Hatley Volunteer Fire Department
HATLEY, Miss. -- The Hatley Volunteer Fire Department was strapped for money, and their firefighters were using unreliable brush firefighting equipment and outdated breathing apparatus and protective turnout gear. They sought and received the help they needed from the Assistance to Firefighters Grant.
The Hatley Volunteer Fire Department protects a population of about 4,000 in Monroe County in northeastern Mississippi. Its primary coverage area is 48 square miles of mostly woodlands and farmland. The Department also provides mutual aid to eight volunteer fire departments and two professional fire departments that serve in rural Monroe County. Brush fires, vehicle accidents, and medical calls represent the majority of the 150 to 200 calls the department receives each year.
Although it is a rural area, the county's critical infrastructure includes two county airports, highways, railways, dams, an electrical substation, six chemical plants, and a Mississippi Valley Gas Company distribution well.
Little funding support is available from the local government.
"The volunteers make a huge sacrifice in their lives to run the department," said Assistant Chief Matt Hannon. With a 2003 Assistance to Firefighters grant, the Hatley Department purchased breathing apparatuses and personal protective equipment for its firefighters.
The grant funds could not have come too soon. Their existing turnout gear was 15 years old, explained Hannon, and the newest self-contained breathing apparatus device in use was nine years old.
"The old SCBAs were beginning to leak and could not sustain air pressure," he said. "They also did not have integrated PASS devices, which also compromised the firefighters' safety."
In structure fires, the firefighters complained about the extreme heat they experienced using the old turnout gear. With their AFG grant, the department was able to purchase 20 sets of turnout gear and five SCBAs.
Another part of the AFG grant supported the purchase of equipment to outfit a five-ton, off-road, heavy brush truck that the Mississippi Forestry Commission donated to the Department. Assistant Chief Hannon says the grant enabled them to purchase all the equipment they needed to build an advanced brush response vehicle.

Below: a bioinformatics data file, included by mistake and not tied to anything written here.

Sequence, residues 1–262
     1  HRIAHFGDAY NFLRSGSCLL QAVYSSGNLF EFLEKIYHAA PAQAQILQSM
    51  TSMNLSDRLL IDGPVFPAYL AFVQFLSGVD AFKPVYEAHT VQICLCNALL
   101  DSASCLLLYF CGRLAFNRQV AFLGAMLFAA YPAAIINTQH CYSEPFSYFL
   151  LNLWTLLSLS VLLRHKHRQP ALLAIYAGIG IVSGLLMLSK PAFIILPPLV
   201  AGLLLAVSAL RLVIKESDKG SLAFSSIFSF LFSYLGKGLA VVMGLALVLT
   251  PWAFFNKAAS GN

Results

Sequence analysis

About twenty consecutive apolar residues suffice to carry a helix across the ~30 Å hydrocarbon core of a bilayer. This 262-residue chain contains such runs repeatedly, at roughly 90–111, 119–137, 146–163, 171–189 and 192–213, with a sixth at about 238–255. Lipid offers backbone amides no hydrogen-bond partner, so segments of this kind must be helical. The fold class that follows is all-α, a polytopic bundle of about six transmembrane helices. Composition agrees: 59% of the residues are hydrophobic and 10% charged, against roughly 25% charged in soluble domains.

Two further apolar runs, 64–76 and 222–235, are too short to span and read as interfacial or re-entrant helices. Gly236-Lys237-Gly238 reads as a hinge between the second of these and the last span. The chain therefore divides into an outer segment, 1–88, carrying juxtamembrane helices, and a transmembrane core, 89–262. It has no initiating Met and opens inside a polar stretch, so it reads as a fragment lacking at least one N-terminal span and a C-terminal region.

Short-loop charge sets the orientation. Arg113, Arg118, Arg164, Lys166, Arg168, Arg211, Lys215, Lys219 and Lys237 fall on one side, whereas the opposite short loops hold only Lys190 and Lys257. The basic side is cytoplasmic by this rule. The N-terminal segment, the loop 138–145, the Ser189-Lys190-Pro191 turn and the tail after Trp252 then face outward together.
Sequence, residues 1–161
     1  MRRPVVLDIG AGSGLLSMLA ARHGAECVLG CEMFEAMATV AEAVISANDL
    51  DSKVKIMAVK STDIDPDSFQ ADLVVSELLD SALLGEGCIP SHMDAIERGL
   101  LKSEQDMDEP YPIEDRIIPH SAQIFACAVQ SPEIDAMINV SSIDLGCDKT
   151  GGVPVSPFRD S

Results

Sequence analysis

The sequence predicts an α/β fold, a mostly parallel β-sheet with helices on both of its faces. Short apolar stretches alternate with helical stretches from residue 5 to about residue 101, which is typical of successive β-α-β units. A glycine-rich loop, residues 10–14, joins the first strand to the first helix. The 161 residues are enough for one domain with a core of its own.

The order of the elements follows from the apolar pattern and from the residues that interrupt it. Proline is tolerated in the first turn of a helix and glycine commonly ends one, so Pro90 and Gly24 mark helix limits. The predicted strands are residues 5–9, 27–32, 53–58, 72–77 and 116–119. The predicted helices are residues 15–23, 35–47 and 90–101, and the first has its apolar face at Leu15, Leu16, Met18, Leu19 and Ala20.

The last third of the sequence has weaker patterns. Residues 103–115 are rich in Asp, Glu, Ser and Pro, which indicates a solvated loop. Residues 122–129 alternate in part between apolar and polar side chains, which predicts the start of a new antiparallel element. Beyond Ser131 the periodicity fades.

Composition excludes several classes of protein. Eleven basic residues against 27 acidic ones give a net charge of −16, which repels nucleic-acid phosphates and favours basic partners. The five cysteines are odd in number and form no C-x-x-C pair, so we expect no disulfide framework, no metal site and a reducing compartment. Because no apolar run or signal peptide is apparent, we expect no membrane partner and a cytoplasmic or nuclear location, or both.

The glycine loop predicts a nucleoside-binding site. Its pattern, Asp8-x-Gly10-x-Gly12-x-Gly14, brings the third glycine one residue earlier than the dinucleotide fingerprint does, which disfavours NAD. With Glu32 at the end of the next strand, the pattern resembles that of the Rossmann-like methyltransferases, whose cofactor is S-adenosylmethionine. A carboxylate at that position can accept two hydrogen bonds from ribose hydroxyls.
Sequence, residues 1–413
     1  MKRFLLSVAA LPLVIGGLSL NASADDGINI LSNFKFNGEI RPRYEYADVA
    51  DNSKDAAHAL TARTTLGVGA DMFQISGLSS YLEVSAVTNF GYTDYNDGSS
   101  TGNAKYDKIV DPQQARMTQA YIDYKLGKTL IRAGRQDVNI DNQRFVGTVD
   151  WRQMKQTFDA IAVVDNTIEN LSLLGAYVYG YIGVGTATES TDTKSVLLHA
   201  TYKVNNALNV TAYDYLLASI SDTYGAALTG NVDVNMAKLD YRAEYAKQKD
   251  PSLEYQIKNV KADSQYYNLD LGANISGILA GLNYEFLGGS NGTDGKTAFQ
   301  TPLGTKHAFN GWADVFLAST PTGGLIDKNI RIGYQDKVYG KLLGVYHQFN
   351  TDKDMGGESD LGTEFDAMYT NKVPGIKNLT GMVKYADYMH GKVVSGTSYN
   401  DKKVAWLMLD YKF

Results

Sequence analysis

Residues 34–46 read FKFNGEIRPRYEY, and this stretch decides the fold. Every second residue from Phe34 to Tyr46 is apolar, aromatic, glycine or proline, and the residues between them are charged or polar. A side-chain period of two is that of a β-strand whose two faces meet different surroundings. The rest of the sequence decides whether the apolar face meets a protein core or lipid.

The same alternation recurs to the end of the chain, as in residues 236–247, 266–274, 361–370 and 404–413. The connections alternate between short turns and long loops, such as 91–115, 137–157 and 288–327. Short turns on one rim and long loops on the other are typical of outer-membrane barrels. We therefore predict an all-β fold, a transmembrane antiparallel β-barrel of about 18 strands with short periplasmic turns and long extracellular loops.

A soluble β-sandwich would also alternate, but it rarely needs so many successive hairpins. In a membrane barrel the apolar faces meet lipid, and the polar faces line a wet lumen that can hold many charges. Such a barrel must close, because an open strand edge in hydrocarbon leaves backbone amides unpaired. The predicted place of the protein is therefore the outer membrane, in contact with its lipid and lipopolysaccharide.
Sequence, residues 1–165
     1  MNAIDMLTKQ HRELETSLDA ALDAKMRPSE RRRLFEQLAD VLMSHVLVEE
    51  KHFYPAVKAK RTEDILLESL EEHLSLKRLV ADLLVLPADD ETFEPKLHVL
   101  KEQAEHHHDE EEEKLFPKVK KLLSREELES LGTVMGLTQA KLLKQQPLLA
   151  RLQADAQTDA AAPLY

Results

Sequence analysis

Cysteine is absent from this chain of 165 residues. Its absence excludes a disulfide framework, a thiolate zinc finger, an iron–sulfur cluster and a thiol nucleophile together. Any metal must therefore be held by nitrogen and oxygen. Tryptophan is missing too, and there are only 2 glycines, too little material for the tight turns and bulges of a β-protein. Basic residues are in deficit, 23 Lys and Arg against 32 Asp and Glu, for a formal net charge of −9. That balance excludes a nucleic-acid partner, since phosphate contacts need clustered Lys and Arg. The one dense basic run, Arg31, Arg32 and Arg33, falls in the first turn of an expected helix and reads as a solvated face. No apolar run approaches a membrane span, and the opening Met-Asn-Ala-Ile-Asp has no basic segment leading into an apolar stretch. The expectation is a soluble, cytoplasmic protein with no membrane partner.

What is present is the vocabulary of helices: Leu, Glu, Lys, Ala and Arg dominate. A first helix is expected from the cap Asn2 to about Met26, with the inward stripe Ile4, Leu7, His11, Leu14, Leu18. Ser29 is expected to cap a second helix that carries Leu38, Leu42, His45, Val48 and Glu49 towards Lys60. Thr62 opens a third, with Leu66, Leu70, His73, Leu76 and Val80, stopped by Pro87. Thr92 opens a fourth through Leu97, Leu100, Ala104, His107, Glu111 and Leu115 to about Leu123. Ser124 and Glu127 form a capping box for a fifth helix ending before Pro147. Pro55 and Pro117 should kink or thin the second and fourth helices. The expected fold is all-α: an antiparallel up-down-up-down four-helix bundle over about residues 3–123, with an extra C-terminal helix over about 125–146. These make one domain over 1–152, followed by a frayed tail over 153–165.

Working on their own, the firefighters installed the new equipment, which included a new high-pressure pump, new hose and automatic hose reel, new front remote control monitor and manual deck monitor, and fittings and adapters.
Just one month after they finished outfitting the truck, an incident occurred that showed just how useful the vehicle would become.
"A grass fire started near a popular restaurant in our area, which was occupied at the time," said Hannon. "The terrain was harsh and not reachable with a standard pumper truck. The heavy brush truck allowed us to extinguish the fire in minutes and protect the property of the restaurant. Without the brush truck, the restaurant and its occupants could have been in extreme danger very quickly.
"The AFG grant allowed us to outfit the brush truck with the most modern tools available and enabled us to provide a greater level of service for our community," said Hannon. "With the benefit of this grant, our Department can provide excellent fire protection, especially for off-road woodland and grass fires, something not even many paid fire departments can do."
In September, Hurricane Katrina's high winds cut electrical power to Hatley Township and the surrounding area for several days, and downing many trees. With the brush truck, the department pulled trees out of roadways so that traffic could resume. After the hurricane, two members of the department volunteered to go to the Mississippi Gulf Coast to help search for and rescue survivors, taking their grant-funded turnout gear for protection.
What They Bought With The Grant:
- Self-contained breathing apparatus (SCBA)
- Personal protective equipment
- Equipment for outfitting a heavy brush truck